Lending (and Borrowing) Culture

One of the most interesting innovations or variation from status-quo during the last decade has been peer-to-peer (P2P) lending and the use of technology. The area of interest obviously is the use of technology, the regulatory concepts and ‘selling or securitisation’ of the loans. P2P loans are centuries old when people have borrowed money, paid interest at the same time submitted a collateral. The only thing that has conceptually changed is the use of technology.

Cumulatively, lending as a Fintech start-up segment has attracted close to US $20billion in consumer ($12b) and business ($8b) lending. This is a total of close to 350 companies as of Q1 2016, add to this Equity Financing and Crowdfunding, we are looking at over 500 start-ups out of 1400 in the Fintech space. This is not much considering the idea is to offer variety, choice and ease in the process and disrupt banking. What makes it interesting is the geographic dispersion and local nuance to the offering.

Buying a house, a car, piece of land, spending on a wedding, buying jewellery in some cultures this is all accomplished by spending the money one has. The idea of living within the means and saving to afford luxuries of life is a cultural aspect. In countries like India till a couple of decades ago 30-year mortgages were unheard of where as at the same time in developed countries of the West having a mortgage and being able to pay for it was a sign of prosperity.

In the UK, till a few years ago you could borrow close to 4-5 times your income to buy a property without paying a penny in downpayment or deposit. If you just think this at a very conceptual level, if people continued to borrow for everything and a few defaulted nothing would happen. When many default, it will move the needle and suddenly a domino effect will come into play. This was or is known as Subprime crisis. Not difficult to understand that we have the brewing of the same albeit in a minuscule fashion.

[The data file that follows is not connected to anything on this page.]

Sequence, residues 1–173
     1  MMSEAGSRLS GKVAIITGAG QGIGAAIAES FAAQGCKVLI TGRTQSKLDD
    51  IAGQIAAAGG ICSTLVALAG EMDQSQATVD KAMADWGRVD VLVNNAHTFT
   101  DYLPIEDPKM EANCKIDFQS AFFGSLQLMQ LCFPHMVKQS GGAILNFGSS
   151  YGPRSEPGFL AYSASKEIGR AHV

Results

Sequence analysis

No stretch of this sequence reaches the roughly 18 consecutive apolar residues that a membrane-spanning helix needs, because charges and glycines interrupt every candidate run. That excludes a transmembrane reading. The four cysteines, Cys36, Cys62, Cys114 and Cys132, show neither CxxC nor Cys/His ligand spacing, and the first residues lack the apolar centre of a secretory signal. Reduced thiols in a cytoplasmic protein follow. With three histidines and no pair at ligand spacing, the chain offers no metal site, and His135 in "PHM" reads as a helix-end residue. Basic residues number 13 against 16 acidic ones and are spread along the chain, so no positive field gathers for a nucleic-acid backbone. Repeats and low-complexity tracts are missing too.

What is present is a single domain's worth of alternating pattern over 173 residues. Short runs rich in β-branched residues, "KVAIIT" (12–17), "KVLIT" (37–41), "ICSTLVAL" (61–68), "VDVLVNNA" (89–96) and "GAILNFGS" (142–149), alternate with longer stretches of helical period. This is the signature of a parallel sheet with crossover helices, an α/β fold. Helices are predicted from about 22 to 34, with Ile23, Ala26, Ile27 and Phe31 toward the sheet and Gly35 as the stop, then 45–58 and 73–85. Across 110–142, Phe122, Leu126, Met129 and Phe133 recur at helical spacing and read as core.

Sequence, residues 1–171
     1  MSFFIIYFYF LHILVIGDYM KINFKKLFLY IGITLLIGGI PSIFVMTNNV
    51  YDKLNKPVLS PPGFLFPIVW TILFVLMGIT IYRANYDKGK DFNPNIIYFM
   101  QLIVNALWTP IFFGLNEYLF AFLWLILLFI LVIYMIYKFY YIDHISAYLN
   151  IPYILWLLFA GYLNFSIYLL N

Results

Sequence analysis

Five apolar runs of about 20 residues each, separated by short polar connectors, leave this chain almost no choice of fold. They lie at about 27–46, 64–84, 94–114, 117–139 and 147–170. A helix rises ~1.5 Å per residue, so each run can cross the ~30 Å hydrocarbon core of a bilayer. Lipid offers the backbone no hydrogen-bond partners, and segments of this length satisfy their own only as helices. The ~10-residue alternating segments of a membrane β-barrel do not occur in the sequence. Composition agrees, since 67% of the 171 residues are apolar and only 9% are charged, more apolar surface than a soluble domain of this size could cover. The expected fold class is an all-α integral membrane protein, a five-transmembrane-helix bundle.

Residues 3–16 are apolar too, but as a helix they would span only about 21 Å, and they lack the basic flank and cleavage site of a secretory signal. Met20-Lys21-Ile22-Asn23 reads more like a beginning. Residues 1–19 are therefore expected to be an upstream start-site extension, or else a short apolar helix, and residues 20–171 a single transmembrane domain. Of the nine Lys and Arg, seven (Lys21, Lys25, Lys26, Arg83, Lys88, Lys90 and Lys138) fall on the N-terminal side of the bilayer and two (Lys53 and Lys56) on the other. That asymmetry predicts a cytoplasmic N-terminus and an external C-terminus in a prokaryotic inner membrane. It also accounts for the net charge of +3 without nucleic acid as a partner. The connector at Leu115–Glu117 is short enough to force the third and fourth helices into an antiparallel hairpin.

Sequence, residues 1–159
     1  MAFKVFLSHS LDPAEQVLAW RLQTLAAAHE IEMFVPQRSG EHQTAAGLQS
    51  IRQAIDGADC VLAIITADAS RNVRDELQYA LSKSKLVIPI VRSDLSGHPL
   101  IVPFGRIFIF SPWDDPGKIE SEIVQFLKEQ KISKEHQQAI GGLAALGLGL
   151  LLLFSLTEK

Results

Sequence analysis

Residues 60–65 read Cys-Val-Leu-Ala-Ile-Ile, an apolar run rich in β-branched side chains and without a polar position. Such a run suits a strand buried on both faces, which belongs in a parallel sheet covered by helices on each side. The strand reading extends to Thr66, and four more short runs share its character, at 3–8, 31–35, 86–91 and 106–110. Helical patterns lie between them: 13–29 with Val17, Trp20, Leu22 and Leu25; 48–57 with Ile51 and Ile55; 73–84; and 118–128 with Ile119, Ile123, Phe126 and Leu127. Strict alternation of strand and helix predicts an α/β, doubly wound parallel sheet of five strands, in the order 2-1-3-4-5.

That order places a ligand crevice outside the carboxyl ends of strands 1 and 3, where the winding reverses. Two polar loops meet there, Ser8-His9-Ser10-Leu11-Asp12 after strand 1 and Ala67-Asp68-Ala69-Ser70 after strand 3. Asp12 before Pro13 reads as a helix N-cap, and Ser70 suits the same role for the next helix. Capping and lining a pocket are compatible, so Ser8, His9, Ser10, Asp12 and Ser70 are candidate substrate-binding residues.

Culturally, many countries in the West remained where they were pre-2008 from a Lending and Borrowing perspective. Just the methods changed. P2P lending was invented. It is called a service where technology matches the borrower to the lender. Some businesses do this match-making with collateral and some without but the central idea revolves around building credibility of the borrower rather the borrower building credibility on the system. The liquidity suppliers have changed but the borrowers are by and large remain the same.

What has also changed is the involvement of banks which is a cultural shift as the banks no longer control the phenomenon of yield. Traditional methods have found new roads but some things are going back to where we were burnt once.

Kadhim Shubber of FT pointed out in in early 2016 – what started out as P2P has become deeply inmeshed in the machinery of Wall Street and ended the same post by asking a good way to get perspective on fintech is to see what happens when the capital markets are asked to buy the hype. Three things have happened since, Funding Circle becoming the first P2P lender to have loan securitised, LendingClub CEO resigns over ‘control deficiencies’ (is it the personal dealings of the CEO or issues related to the sale of a loan portfolio to Jefferies?) and India’s central bank considers P2P lending rules.

If you are an investor, you are thinking the idea of P2P lending and investing in a concept is something you want to stay away from. You can sense and smell something, good or bad no-one knows but instinctively it looks more bad than good. Atleast in some parts of the world. What started off as a technology play is suddenly seeing securitisation, high-standards and rules set by technology companies are being bent and everyone is becoming wary. The desire to pump more oil through the engine will not change the engine’s capacity it will just make it vulnerable.

In some cultures where the concept of having cash you never had is a new one – perhaps there is an opportunity to introduce new concepts but more importantly develop a framework with domestic regulators to create a framework that will take into account past (and present) good and bad.

Pardon my ignorance (if you do not agree with my view) but the more you go towards East the more you see people in general taking fewer loans, less risk and and fewer innovations too. Maybe they are correlated, I don’t have any data or research to back it up, just experiences. Investors have followed innovation and disruption regardless of where it has originated. Is it now time to pause and think cultural implications as new habits are developed in different parts of the world, P2P is someone’s money after all.

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